For example, an organization deployed formally-trained designers to strategic projects. But because those projects didn’t have the research skills needed to deliver improved outcomes, the initiative to build a formally-trained design capability lost legitimacy.

Ask yourself

  • Which of these practices have your organization’s past transformations focused on?
  • To what extent do these practices exist in your organization today?
  • Which ones are the strongest? Which are the weakest?

It starts with the first step

For those scrambling to respond to our current crisis, we understand that it may feel like an inopportune moment to introspect on your organization’s principles and practices. But in times like these, focusing on human outcomes is more important than ever.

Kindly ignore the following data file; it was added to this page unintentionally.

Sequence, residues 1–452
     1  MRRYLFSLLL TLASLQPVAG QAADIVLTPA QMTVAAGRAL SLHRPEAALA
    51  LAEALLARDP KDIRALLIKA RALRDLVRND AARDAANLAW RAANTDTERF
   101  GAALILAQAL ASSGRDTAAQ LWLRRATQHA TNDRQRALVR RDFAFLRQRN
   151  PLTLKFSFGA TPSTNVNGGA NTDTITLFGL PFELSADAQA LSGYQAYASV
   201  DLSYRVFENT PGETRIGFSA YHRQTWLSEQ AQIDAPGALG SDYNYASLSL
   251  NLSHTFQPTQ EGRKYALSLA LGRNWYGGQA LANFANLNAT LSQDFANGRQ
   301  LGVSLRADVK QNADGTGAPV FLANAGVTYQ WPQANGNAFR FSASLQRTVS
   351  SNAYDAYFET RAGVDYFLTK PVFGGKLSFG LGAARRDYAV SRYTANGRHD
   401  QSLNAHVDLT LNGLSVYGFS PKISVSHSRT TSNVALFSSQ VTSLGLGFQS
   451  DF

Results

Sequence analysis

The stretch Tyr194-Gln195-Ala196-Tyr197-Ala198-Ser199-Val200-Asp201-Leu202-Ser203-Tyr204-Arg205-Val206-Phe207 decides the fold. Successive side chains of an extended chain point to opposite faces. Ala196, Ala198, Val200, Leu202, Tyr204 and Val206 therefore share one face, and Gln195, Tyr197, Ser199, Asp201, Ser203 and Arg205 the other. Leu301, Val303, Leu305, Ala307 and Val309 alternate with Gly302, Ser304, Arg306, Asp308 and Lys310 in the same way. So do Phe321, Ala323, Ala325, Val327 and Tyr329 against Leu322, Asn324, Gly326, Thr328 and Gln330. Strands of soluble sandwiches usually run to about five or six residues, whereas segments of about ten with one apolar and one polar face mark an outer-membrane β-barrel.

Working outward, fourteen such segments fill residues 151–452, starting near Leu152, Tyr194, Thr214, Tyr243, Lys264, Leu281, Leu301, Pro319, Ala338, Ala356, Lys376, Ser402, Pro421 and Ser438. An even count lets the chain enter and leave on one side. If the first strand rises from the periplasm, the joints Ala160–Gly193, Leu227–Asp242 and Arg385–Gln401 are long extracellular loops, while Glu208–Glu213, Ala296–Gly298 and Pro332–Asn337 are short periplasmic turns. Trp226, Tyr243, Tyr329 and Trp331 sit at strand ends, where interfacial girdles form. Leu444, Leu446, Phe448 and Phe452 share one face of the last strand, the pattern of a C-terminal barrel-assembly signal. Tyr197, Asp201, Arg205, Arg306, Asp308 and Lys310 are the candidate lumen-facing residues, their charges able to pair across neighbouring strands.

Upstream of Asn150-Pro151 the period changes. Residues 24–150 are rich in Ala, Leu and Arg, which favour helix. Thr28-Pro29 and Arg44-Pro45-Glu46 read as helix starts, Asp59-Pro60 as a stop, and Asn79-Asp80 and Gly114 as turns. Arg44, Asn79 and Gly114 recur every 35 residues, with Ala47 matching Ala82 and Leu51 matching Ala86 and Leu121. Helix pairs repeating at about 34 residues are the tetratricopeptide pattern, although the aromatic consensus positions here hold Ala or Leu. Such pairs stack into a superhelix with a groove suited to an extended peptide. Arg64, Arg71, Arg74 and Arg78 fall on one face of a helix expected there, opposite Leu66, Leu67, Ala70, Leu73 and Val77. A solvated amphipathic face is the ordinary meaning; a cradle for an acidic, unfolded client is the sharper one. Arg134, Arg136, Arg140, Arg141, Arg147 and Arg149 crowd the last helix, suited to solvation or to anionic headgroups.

Becoming human-centered isn’t a head thing. It’s a heart thing. We’ve found, at least for us, it’s best to learn through doing. You don’t have to license a training platform for your company. You don’t have to fully—or even partially—understand how your whole company gets “enabled.” What you need to do is to start doing it.

Find a team that’s working on something critical. If you can, start with a couple of teams. See if their leadership wants to deliver something better, faster, and for less than it would normally cost.

You’ll need some human-centered expertise on these teams, but you don’t all need to be experts. Within a few weeks you’ll know whether these approaches are working.

Let us know your thoughts

Every story, idea, and circumstance helps us either validate or improve upon this point of view. We’re always eager to talk with people who believe systems should work in service of people—especially those striving to make that a reality. If you have feedback to offer, want to share a case study, saw your own story within our insights, or want to learn more about our research, contact us.